Advice From a Legend
by Alan Stein 10-17-2010 06:26 PM
Jerry West is a living legend.
Yeah, he is in the NBA Hall of Fame.
Sure, he was voted one of the 50 greatest players of all time.
For crying out loud… Jerry West is the NBA logo!
When he speaks, you need to listen.
Jerry West is friends with the father of a basketball player at Gonzaga High School in Washington, DC. A couple of weeks ago he stopped in to address the team after a pre-season workout. He spoke from the heart and gave sound advice:
- If you want to be a great player, you have to learn how to compete. Competing is as important as any technical skill… shooting, ball handling, or passing. Great players compete every workout, every practice and every game.
- Basketball can help you develop friendships you will have for the rest of your life. Don’t take it for granted.
- Younger players should find an older, more experienced player on the team to look up to and to emulate (for Jerry West, it was Elgin Baylor). Watch how they conduct themselves during practice and how they prepare for games… study their work habits. You can learn a lot by watching those ahead of you. And if you are an older player, it is your job to be a role model for the younger members of your team. Take that responsibility seriously.
- Use basketball, don’t let it use you. Basketball can take you to some special places and can provide you with an education.
- While everyone loves to win, you learn more about yourself and your teammates when you lose. Life is easy when you are winning. A person’s true colors come through during times of adversity.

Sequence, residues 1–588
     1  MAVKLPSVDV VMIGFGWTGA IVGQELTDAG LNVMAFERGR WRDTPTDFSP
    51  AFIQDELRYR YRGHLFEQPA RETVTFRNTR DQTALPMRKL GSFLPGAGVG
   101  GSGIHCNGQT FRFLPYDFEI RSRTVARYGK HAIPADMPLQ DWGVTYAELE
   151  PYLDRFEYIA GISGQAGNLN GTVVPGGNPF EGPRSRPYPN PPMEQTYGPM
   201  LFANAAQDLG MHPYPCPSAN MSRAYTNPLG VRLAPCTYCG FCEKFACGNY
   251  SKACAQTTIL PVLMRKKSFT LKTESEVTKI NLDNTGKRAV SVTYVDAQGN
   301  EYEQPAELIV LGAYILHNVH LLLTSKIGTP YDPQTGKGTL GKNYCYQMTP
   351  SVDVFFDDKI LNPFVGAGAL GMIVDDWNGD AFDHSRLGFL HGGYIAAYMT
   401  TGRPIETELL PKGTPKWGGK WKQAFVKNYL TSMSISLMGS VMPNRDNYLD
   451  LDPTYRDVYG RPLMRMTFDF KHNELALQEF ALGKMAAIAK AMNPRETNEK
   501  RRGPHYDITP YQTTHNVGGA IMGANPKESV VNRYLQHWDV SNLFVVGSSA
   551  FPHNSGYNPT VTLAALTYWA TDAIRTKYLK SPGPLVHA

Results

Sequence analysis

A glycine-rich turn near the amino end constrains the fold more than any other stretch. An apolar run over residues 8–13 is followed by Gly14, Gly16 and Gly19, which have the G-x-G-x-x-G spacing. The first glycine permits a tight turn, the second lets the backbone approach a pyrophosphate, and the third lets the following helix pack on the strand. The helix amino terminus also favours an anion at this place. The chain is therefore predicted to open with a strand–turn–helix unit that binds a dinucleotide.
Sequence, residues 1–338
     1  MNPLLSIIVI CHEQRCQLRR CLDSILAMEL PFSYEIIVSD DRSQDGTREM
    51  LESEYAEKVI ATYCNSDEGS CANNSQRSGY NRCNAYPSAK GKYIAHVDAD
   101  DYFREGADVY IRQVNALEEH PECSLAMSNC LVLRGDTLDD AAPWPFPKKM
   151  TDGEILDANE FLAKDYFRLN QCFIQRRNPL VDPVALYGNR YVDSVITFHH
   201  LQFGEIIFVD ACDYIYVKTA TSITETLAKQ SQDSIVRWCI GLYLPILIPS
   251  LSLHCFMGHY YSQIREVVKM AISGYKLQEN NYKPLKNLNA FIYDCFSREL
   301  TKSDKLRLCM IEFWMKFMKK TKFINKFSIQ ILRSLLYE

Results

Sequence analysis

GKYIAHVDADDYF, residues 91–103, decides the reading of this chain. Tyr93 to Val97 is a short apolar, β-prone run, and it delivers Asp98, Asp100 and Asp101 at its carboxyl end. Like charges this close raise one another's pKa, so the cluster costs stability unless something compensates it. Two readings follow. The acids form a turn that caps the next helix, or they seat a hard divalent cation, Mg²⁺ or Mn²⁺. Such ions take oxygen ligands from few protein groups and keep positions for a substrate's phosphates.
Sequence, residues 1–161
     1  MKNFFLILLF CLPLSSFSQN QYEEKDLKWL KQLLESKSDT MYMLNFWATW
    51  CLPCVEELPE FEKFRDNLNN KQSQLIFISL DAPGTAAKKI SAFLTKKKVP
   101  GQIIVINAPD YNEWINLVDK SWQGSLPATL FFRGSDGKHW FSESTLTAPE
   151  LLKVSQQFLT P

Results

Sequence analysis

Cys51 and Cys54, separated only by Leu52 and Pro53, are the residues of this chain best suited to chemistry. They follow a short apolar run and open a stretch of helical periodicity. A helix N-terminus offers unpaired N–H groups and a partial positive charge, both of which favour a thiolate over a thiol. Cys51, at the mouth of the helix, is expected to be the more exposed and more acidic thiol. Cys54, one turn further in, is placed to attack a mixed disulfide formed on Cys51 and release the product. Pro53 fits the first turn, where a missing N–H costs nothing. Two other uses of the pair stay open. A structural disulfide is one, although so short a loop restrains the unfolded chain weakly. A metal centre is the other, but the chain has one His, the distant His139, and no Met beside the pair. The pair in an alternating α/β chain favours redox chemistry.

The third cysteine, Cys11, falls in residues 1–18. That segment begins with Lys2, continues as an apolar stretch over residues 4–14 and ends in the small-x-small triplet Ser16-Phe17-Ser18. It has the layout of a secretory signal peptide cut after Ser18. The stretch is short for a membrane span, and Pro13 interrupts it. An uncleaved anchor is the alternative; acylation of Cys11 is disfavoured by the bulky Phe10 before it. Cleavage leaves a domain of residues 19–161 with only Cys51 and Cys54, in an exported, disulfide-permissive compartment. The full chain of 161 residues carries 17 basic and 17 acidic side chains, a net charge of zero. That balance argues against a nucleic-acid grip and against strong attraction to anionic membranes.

- Take advantage of every opportunity you have to get better. Every practice is important.
- Read The Four Agreements (Don Miguel Ruiz’s Code for Life). If you live by these four agreements, you will be successful in whatever you choose to do:
1) Be impeccable with your word. Speak with integrity. Say what you mean and mean what you say.
2) Don’t take things personally. What other people say and do is a reflection of them… not you. Don’t get sucked into negativity.
3) Don’t make assumptions. Have the courage to ask questions. Learn to effectively communicate so you can avoid misunderstandings.
4) Always do your best. Everything you do is important. Your best will change from moment to moment, but as long as you give it your all, you won’t have any regrets.
Wow. That is priceless insight.
I am sure some of you are wondering how I got this inside scoop… especially since this took place at Gonzaga… and I am the strength & conditioning coach at DeMatha.
My close friend and right hand man of 10 years, Blair O’Donovan, is in his 5th season as the strength & conditioning coach for the Gonzaga basketball program. Blair is an integral member of Stronger Team and is, without question, one of the top strength & conditioning professionals in the business. Blair has a tremendous understanding of performance enhancement. Gonzaga is very fortunate to have him. And so is Stronger Team.
It’s a shame Blair and I won’t be speaking once the season starts on November 8th (if you aren’t familiar… DeMatha and Gonzaga have an epic rivalry).
Hopefully our friendship can withstand not speaking for 5 months.
No I’m not.
Keep working hard, the season is almost here!
As always, if I can ever be of service to you or your program… please email me at Alan@StrongerTeam.com.
Likewise, Blair can be reached at Blair@StrongerTeam.com.
Just don’t email him the day after DeMatha plays Gonzaga… he won’t be in the mood.
Work hard. Deserve success.
Published 10-17-2010 © 2013 Access Athletes, LLC
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